Sulzer RTA72U diesel engine -Operational guideline
The diesel engine is a type of internal combustion engine which ignites the fuel by injecting it into hot, high-pressure air in a combustion chamber. In common with all internal combustion engines the diesel engine operates with a fixed sequence of events, which may be achieved either in four strokes or two, a stroke being the travel of the piston between its extreme points. Each stroke is accomplished in half a revolution of the crankshaft.
The RTA72U is a single-acting, low-speed, two-stroke reversible marine diesel engine manufactured by New Sulzer Diesel Ltd. It is one of the RTA series engines which were introduced in 1981 and in addition to a longer stroke than the earlier RL series, it has a cylinder-head exhaust valve providing uniflow scavenging.
The bedplate is single-walled and arranged with an integral thrust bearing housing at the aft end . Cross members are steel fabrications although the centre section, incorporating the main bearing saddle tie-bolt housings, may be a steel forging. To resist crankshaft loading and transverse bending, the main bearing keeps are held down by jackbolts.
Fig: Sulzer RTA72U diesel engine
The crankcase chamber is arranged by using individual A-frames for columns which are also the mountings for the double-slippered crosshead guides. The A-frames are joined together by heavy steel plates and short angle girders to form a sturdy box frame. The A-frames in way of the thrust block are manufactured as a one-piece double column to ensure accurate mesh of the camshaft drive gears which are enclosed in this section.
Individual cast-iron cylinder blocks are bolted together to form a rigid unit which is mounted onto the A-frames. Tie bolts extend from the top of the cylinder block to the underside of the main bearing saddles. The crankshaft is semi-built, with the combined crankpin and crankweb elements forged from a single element. The journal pins are then shrunk into the crankwebs.
For all but the larger numbers of engine cylinders, the crankshaft is a single unit. The main journal and bottom-end bearings are thin-walled shells lined with white metal. The forged connecting rod has a 'table top' upper end for the mounting of the crosshead bearing. A large crosshead, with floating slippers at each end, is used. The piston rod is bolted directly to the top of the crosshead pin. The pistons are oil-cooled and somewhat shorter in length than earlier designs. There is no piston skirt. Five piston rings are fitted which are designed to rotate within their grooves.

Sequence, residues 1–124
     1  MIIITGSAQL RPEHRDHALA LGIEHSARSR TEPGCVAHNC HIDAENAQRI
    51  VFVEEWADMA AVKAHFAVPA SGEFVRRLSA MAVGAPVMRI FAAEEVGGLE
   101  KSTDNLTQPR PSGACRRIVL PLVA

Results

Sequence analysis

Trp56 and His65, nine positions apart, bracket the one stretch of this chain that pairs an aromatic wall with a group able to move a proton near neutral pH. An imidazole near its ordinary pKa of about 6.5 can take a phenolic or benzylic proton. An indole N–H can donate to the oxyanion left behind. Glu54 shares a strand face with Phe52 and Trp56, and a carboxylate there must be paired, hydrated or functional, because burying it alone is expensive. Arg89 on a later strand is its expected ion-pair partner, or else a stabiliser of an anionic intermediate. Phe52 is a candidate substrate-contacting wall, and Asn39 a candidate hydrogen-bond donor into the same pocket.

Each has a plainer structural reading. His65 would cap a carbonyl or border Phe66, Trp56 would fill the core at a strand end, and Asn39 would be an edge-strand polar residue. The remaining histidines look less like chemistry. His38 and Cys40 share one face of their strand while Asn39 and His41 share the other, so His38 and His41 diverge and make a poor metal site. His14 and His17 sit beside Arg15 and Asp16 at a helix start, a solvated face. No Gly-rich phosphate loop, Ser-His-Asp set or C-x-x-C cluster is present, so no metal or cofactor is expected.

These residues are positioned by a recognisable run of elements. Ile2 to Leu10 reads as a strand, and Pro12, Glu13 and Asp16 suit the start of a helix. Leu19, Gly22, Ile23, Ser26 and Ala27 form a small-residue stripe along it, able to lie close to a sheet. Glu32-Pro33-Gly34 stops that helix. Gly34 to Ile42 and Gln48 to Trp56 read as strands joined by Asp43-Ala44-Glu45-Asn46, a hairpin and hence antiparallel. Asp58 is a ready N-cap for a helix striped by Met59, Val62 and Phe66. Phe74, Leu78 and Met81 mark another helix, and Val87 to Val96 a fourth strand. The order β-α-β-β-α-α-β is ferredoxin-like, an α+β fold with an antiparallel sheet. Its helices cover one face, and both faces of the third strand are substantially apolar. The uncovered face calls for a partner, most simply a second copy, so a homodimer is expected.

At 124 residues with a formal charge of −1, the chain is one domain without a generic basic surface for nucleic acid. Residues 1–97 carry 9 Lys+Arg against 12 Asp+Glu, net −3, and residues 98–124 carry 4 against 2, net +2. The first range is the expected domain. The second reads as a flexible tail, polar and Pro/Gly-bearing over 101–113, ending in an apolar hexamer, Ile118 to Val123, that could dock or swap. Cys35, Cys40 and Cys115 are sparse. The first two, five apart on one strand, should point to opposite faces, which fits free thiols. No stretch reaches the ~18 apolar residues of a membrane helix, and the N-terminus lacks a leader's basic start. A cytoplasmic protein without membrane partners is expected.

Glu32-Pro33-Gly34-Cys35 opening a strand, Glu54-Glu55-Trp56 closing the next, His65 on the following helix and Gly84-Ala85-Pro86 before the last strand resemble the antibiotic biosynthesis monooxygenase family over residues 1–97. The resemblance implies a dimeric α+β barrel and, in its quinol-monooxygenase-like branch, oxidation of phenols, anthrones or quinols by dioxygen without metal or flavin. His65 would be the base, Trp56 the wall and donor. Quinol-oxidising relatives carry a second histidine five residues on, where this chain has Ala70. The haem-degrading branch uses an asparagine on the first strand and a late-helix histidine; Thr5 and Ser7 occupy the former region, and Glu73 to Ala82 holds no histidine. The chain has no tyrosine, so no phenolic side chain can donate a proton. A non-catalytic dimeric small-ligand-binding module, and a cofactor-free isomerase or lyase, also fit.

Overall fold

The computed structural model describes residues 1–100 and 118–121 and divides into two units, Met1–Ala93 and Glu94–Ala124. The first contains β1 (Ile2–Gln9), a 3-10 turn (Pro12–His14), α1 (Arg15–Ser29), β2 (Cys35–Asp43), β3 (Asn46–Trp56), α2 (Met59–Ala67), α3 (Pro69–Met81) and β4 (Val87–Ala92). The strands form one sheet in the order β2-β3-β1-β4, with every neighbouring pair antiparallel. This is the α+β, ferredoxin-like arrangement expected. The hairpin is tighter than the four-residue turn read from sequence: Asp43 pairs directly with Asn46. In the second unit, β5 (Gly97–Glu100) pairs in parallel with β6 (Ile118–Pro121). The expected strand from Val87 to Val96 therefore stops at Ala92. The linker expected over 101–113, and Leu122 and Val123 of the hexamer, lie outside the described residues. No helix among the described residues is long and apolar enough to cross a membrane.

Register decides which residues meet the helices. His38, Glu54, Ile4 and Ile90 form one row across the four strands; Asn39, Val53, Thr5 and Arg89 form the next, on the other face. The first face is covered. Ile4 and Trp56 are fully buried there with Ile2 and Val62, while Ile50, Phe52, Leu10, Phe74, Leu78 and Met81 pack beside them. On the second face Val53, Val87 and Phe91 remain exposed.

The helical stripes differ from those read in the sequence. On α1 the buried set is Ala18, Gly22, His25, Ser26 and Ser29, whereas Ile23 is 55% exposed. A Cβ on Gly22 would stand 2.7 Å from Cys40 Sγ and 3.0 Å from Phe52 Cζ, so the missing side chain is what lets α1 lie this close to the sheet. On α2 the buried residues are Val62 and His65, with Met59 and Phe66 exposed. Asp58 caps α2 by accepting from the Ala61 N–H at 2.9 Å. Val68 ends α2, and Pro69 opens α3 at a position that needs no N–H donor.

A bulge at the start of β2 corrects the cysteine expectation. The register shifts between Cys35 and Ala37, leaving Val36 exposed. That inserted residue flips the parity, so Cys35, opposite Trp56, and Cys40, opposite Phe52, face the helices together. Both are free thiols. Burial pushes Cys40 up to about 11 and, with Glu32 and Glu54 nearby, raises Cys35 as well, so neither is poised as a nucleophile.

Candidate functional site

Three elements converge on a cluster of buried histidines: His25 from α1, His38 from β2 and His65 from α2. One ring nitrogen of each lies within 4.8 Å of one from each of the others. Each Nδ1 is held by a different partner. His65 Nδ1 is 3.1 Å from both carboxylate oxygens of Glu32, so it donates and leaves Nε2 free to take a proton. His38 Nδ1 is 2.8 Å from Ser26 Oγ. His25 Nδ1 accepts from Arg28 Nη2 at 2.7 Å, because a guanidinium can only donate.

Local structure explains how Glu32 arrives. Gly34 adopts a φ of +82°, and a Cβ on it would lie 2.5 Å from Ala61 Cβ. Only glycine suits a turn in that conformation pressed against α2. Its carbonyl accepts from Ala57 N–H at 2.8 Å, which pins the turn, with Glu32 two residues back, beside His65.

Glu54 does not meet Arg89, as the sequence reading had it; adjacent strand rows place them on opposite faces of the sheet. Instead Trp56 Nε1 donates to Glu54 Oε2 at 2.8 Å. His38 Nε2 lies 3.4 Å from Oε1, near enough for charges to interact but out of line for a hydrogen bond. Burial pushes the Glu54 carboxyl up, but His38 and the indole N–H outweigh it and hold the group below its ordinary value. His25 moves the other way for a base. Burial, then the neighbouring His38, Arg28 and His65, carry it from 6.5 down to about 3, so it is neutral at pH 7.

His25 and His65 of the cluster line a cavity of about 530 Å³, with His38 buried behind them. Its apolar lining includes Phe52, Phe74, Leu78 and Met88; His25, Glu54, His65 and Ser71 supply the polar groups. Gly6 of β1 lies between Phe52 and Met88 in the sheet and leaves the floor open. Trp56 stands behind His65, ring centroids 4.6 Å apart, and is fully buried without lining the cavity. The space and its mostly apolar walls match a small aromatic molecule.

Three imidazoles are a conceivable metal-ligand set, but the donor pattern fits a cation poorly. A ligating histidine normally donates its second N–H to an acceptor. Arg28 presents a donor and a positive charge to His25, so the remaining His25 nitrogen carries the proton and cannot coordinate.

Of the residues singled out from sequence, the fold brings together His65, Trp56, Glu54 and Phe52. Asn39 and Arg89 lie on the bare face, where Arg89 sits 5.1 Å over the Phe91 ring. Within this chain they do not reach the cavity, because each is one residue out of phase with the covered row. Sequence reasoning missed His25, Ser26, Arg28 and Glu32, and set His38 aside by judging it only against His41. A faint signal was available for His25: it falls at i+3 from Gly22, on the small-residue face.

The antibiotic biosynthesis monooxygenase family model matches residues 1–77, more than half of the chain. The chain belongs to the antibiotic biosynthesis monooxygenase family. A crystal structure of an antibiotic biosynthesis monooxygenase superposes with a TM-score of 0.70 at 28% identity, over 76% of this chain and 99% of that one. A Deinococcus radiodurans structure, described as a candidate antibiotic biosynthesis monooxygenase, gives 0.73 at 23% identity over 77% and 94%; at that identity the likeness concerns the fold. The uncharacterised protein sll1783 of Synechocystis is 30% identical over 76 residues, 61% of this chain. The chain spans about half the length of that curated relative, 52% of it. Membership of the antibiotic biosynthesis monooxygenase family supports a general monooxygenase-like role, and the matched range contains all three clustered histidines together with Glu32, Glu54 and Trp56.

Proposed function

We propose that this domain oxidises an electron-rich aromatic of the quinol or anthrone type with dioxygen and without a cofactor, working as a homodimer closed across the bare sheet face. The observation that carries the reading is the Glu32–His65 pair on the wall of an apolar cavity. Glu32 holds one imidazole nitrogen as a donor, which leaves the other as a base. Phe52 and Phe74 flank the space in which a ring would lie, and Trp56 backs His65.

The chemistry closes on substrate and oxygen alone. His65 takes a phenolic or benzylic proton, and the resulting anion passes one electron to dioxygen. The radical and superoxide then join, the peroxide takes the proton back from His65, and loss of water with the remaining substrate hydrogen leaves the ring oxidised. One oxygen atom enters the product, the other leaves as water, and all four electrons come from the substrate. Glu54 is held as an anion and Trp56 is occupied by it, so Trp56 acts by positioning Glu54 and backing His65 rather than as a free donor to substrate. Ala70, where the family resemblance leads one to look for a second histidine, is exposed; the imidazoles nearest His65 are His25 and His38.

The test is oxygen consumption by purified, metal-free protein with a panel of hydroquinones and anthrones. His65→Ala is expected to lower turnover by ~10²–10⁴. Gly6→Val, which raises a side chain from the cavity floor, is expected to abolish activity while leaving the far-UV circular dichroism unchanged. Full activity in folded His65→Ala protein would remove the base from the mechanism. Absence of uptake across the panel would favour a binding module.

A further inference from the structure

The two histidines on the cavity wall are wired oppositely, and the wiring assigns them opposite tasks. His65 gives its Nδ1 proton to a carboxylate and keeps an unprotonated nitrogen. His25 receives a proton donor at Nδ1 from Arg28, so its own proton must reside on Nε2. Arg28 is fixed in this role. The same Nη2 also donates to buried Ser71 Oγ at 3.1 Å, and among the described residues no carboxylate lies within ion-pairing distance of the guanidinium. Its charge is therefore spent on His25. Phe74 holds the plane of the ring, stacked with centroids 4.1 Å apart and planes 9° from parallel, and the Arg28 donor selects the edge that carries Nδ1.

Cylinder liners have a simple, rotationally symmetrical design with the scavenge ports at the lower end. The deep collar at the upper end is bore-cooled, as are all components surrounding the combustion chamber. Cooling water is fed from below through a water guide arranged around the liner.
Cylinder lubrication is provided by eight quills arranged around the lower edge of the collar on the liner. The more recently introduced RTA series engines all have oil-cooled pistons with oil supplied from the crosshead bearing up through the piston rod.
A piston rod gland separates the crankcase chamber from the under piston space. Various scraper and sealing rings are Fitted within the gland.
The cylinder head is a single steel forging arranged for bore cooling with appropriately drilled holes. Pockets are cut for the air starting valve and fuel injection valves, the number depending upon the cylinder bore. The centrally mounted exhaust valve is fitted in a cage with a bore-cooled valve seat.
The valve stem is fitted with a vane-type impeller to ensure valve rotation. The valve is opened by hydraulic pressure from pumps driven by the camshaft and closed by compressed air. The camshaft is located at engine mid-height and is gear driven from the crankshaft.
The initial gear drive is bolted to the rim of the thrust block and a single intermediate wheel is used. On larger-bore, high-powered engines the gear drive is in the centre of the engine. The camshaft extends the length of the engine and each individual segment carries the exhaust valve actuating and fuel-injection pumps plus the reversing servo motor for one pair of cylinders.
Constant-pressure turbocharging is used, and electrically driven blowers cut in automatically when the engine load is at about 40% of the maximum continuous rating.
Lubricating oil is supplied to a low- and a medium-pressure system. The low-pressure system supplies the main and other bearings. The crosshead bearing, reversing servo motors and exhaust valve actuators are supplied by the medium-pressure system. Cylinder oil is supplied to lubricators from a high-level service tank.
Double valve controlled, variable injection timing is used to deliver fuel to multiple, uncooled injectors and an electronic governor is supplied as standard.
Where the engine has oil-cooled pistols they will be supplied from the lubricating oil system, possibly at a higher pressure produced by booster pumps, e.g. the Sulzer RTA engine. An appropriate type of lubricating oil must be used for oil-lubricated pistons in order to avoid carbon deposits on the hotter parts of the system.
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